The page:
Is there any stage of human development more busy, more active than that of a weaned child – the toddler stage? Oh, my goodness, my kids absolutely wore me out!!!! No, seriously! They did!!! They could go more places in a split second, and think of more things to get into that they shouldn’t, than you could shake a stick at. They were into everything!!! But at the end of the exhausting activities of the day, after they’d had their baths, and they smelled all fresh and sweet, they would climb up into my lap for that goodnight story and cuddle. When they were barely beginning to learn to speak, I think we read “Goodnight Moon” eight thousand five hundred and fifty two times. Over and over again, and I truly think that book played a big role in their language development, as I would point to the nouns: the moon, the room, the cow jumping over the moon, the light, and the red balloon.


They would lean their heads against my chest, and as they listened again to that story, the Sand Man would begin sprinkling a stray grain or two of sand near the corner of their eyes, and they would tiredly swipe at their eyes with the back of their hands, and finally relax and give in to the peace settling over them. Is there any more intimate, more surrendered time with your child than those sweet moments?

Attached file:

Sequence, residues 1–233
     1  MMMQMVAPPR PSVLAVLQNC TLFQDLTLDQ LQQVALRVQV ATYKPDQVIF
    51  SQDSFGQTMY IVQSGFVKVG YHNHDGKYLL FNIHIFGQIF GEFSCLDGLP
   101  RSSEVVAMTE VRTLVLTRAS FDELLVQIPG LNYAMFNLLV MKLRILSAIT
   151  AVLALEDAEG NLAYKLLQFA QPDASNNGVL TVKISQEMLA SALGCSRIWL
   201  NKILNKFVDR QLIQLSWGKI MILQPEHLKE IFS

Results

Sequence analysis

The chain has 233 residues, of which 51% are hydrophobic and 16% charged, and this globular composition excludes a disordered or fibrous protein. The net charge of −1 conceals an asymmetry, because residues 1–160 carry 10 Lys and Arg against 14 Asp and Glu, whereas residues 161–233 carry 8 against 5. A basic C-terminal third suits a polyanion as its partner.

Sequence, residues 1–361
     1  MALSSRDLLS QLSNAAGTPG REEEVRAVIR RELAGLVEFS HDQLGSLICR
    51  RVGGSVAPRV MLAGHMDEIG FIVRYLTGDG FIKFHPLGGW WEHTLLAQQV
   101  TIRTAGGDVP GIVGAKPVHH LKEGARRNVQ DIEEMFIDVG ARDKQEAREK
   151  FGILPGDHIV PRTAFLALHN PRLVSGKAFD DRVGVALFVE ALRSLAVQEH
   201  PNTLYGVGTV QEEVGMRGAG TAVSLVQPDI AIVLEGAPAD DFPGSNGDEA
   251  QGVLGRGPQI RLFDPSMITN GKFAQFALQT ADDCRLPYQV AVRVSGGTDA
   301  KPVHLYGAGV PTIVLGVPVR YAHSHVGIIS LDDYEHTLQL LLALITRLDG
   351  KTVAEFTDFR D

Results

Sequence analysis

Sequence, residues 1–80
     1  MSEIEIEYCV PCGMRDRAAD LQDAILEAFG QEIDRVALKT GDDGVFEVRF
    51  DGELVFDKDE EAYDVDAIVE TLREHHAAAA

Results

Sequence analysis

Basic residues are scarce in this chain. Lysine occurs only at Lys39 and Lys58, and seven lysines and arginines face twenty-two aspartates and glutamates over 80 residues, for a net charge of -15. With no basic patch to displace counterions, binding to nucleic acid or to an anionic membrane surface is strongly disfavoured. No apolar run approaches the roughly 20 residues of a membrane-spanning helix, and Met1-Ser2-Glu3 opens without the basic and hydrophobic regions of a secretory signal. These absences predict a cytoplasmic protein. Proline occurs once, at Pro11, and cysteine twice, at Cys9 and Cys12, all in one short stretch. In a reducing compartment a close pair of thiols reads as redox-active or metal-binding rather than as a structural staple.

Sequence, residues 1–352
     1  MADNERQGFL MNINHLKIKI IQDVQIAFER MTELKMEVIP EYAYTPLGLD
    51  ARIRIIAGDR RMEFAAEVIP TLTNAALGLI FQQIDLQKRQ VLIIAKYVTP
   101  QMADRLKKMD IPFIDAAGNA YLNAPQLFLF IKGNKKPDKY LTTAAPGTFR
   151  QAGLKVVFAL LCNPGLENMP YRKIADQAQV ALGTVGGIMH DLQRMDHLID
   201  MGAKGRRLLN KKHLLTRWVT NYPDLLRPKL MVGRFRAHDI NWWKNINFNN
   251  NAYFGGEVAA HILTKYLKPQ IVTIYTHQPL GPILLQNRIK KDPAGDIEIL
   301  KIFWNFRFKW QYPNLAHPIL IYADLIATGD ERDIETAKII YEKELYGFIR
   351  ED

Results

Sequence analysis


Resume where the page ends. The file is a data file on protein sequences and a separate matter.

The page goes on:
Well, that’s what I hear the psalmist calling me to as I read this psalm: a surrender to the most wonderful, loving parent of all, my Father in Heaven.

So, for what it’s worth, here’s my own version of Psalm 131:

“I have finally figured out, Lord,
that I’m not the Queen of the Universe.
And I’m good with that.

I can’t explain all mysteries,
and quite frankly, I’m relieved I don’t have to.

But here in the quiet, Lord,
I’m ready to just sit a while with You
and lean my head back on Your chest
and feel Your arms around me
and receive Your loving comfort in my soul.

O people who belong to God! Put your hope in Him,
Both now and forevermore!”

Goodnight, Moon. At least till tomorrow.


Yum